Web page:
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Tuesday, April 14, 2009

A conversation about pushing music with Ken Vandermark

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Subtlety and restraint are two words that aren't often used to describe the work of Chicago sax man Ken Vandermark. As a member of seminal free jazz and improvisational ensembles Vandermark 5, Spaceways Inc., Caffeine, and too many others to name, he’s done more to further jazz music over the last two decades than seems humanly possible.

The frenetic pace of his output traverses a wide range of sounds, reaching from a traditional European approach to spontaneous freakouts. Vandermark's latest offering is a collaboration with Dutch counterpart Ab Baars of ICP Orchestra titled Goofy June Bug. It’s bound by a lingering tension that builds between every note and skronk, flourishing in whispered silence before breaking into wild, blood-boiling chaos.

Both Vandermark and Baars alternate between saxophone and clarinet over a careening rhythm section of Wilbert De Joode (double bass) and Martin Van Duynhoven (drums). The spaciousness of a tune like "Straws" makes its omnipotence clear from the onset. Other more ominous pieces, such as "Honest John" or the quivering confusion of "Then He Whirled About," ebb with an aggressive sound, but the music walks on insect legs, scuttling out of the light before revealing its true form.

Chad Radford:  You’re a pretty busy guy.

Ken Vandermark:  Yeah, a little bit. There are a lot of interesting people out there to work with, so I try to keep busy by working with them all.

Goofy June Bug is a more restrained album than what I’m used to hearing from you.

There were some other pieces that didn’t end up on the record that are more aggressive sounding. What Ab did with the CD, which I thought was interesting, was focus on the group in a way that would keep it from being a free jazz blow-out album. I’m always challenging myself to work in different ways, and in working with Ab’s trio, which has a really strong identity, we dealt with the music in a more oblique and abstract way, rather than throw it right into your face. That was refreshing.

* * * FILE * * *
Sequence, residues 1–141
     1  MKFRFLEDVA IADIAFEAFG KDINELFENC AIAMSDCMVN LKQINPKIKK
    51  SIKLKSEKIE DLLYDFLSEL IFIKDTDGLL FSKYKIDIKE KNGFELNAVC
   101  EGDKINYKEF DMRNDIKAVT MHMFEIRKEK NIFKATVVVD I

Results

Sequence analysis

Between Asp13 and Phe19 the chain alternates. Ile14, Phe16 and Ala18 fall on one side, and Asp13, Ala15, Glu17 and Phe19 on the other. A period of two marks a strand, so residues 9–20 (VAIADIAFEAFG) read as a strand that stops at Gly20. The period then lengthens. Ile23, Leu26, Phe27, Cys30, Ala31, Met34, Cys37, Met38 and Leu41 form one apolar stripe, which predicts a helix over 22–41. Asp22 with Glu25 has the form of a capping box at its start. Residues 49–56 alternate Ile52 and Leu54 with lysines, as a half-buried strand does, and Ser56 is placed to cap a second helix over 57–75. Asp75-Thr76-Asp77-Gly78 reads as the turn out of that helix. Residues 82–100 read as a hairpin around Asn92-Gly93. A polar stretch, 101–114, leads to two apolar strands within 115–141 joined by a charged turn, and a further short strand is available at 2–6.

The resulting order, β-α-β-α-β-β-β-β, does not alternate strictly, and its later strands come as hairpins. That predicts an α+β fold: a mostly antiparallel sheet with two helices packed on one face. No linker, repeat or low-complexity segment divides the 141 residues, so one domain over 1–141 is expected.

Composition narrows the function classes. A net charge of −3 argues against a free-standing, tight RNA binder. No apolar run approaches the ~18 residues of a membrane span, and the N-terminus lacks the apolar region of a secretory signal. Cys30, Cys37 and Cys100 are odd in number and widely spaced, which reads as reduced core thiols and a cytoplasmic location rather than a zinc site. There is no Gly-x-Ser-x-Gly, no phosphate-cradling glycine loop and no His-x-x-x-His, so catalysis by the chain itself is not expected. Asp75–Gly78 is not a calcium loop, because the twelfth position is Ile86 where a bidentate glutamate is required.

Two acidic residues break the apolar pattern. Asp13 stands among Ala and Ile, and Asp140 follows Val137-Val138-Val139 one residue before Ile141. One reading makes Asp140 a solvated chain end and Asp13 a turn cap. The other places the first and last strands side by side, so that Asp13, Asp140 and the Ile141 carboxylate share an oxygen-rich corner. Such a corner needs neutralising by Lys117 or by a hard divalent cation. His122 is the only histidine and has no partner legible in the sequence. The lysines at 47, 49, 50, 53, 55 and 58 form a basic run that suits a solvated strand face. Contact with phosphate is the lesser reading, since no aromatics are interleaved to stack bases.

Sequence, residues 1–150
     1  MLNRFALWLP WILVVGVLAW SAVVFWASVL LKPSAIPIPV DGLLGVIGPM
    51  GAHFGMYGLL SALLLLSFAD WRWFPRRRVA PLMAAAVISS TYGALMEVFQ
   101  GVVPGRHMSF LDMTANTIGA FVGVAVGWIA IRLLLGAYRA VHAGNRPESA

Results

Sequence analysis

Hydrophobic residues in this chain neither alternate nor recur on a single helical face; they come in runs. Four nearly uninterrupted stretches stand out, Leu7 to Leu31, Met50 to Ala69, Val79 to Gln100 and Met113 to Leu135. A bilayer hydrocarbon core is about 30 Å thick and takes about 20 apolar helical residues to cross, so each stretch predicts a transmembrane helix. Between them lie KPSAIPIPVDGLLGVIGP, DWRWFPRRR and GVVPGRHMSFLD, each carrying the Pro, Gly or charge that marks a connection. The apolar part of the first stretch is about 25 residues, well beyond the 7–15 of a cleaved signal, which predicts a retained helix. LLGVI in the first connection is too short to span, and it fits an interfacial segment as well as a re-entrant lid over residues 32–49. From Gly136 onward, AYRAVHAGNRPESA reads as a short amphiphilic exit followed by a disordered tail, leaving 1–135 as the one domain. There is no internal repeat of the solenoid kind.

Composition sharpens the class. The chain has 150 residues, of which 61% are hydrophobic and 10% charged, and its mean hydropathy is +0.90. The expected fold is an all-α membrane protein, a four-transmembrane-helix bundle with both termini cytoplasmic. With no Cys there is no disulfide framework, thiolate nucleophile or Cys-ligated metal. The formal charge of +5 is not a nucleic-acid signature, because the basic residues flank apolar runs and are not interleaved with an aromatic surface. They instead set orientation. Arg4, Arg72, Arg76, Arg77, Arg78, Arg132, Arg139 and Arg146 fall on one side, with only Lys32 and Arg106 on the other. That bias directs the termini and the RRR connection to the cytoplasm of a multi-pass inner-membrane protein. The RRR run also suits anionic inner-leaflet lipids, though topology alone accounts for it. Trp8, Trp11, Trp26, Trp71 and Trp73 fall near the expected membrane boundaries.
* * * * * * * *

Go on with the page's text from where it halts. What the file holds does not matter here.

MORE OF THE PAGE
Ken Vandermark & Ab Baars Trio play Eyedrum on Wed., April 15. $15. 8 p.m. 290 Martin Luther King Jr. Drive, Suite 8. 404-522-0655.

How much of the CD is improvised?

The composed elements could fit onto one piece of music paper. At least 80-90% of the material was improvised. On that particular trip there were certain arrangements that we had worked out but the architecture of the arrangements was very open-ended. There was a lot of freedom. And that recording happened after I think 21 concerts. It was a long European trip and the amount that these guys did to push the music every night was extraordinary. In a way the album that resulted is one view point of the material. There were some nights where the music was much more aggressive and intensified. On other nights the music was very spare. It all depended on the mood of the band and the show. I really love playing in that kind of situation because it keeps the playing fresh; even when you’re working with the same set of tunes every night, the interpretations are super open-ended.